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The Lost Piece of Money
by Richard Chenevix Trench
Archbishop of Dublin
Chapter 23 from Notes on the Parables of our Lord
Luke xv. 8-10
The preceding parable [The Lost Sheep] has anticipated much that might have been said upon this; yet it would be against all analogy of former twin parables, if we assumed that the two did no more than say the same thing twice over.  In the Pearl and the His Treasure, in the Leaven and the Mustard-seed, the second may seem at first sight only a repetition of the first; while yet, on closer inspection, important differences have revealed themselves; and so it is here.  If the Shepherd in the last parable was Christ, the woman in this may be the church.  Or should we understand by her that Divine Wisdom, so often magnified in Proverbs as seeking the salvation of men, and here set forth as a person and not an attribute (cf. Luke 2:49), this will be no different view.  The two explanations flow into one, if only we keep in mind how the Church is the instrument by which the Holy Spirit seeks for the lost, and that only as quickened and informed by the Divine Spirit, is it stirred up to these active ministries of love for the seeking and saving of souls (Rev. xxii. 17).  That the Church should be personified as a woman is natural; and the thought of the Holy Ghost as a mother has at different times been near to the minds of men.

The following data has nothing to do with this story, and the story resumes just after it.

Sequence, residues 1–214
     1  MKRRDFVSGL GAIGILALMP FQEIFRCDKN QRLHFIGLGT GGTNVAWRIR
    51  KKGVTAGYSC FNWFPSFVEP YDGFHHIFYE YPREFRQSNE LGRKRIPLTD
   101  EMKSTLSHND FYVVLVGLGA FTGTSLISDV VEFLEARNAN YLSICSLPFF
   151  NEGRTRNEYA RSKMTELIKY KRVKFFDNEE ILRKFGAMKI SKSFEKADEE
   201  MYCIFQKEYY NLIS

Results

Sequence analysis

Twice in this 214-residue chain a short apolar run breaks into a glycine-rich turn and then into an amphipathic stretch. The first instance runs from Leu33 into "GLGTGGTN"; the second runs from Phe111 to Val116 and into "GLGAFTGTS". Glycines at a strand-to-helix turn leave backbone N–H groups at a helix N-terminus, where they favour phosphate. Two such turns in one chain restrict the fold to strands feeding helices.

‘Either what woman having ten pieces of silver, if she lose one piece, doth not light a candle, and sweep the house, and seek diligently till she find it?’  In this piece of money expositors, both ancient and modern, have delighted to trace a resemblance to the human soul, originally stamped with the image and superscription of the Great King, (‘God created man in His own image,’ Gen. i. 27), and still retaining traces of the mint from which it proceeded; however, by sin that image has been nearly effaced, and the superscription become well nigh illegible.  One clings with pleasure to so instructive a suggestion; but it must not be forgotten that the Greek drachma, the coin here named, had not, like the Latin denarius (Matt. xxii. 20), the emperor’s image and superscription upon it, but some device, as of an owl, a tortoise, or a head of Minerva.  As the woman seeks anxiously her piece of silver, even so the Lord, through the ministrations of His Church, gives diligence to recover the lost sinner, to bring back the money of God to His treasury, from which originally it issued.  The allusion often found in the lighting of the candle to the mystery of the Incarnation, - the divine glory which the Saviour had within, shining through the fleshly covering which only in part concealed it, - must of course give way, if we interpret the parable as is here proposed.  Rather it must be explained by the help of such hints as Matt. v. 14, 15; Phil. ii. 15, 16; Ephes. v. 13, supply.  The ‘candle’ is the Word of God; which candle the Church holds forth, as it has and exercises a ministry of this Word.  It is by the light of this Word that sinners are found, that they find themselves, that the Church finds them.  With this candle to aid her, she proceeds to ‘sweep the house;’ which sweeping, as Bengel well remarks, is not effected without dust.   What a deranging of the house for a time!  how does the dust which had been suffered to settle down and to accumulate begin to rise and fly about; how unwelcome all which is going forward to any in the house, who have no interest in what is being done, whose only interest is that nothing should trouble their selfish ease.  The charge against the Gospel is still the same, that it turns the world upside down, (Acts xvii. 6).  And in a sense so it does; for only let its message be proclaimed in earnest, and how much of latent aversion to the truth reveals itself now in open enmity; how much of torpid estrangement from God is changed into active hostility; what indignation is there against the troublers of Israel, the witnesses in sackcloth who torment the dwellers upon earth, (Rev. xi. 10).  She meanwhile who bears the candle of the Lord, amid all this uproar and clamor is diligently looking for and finding her own again.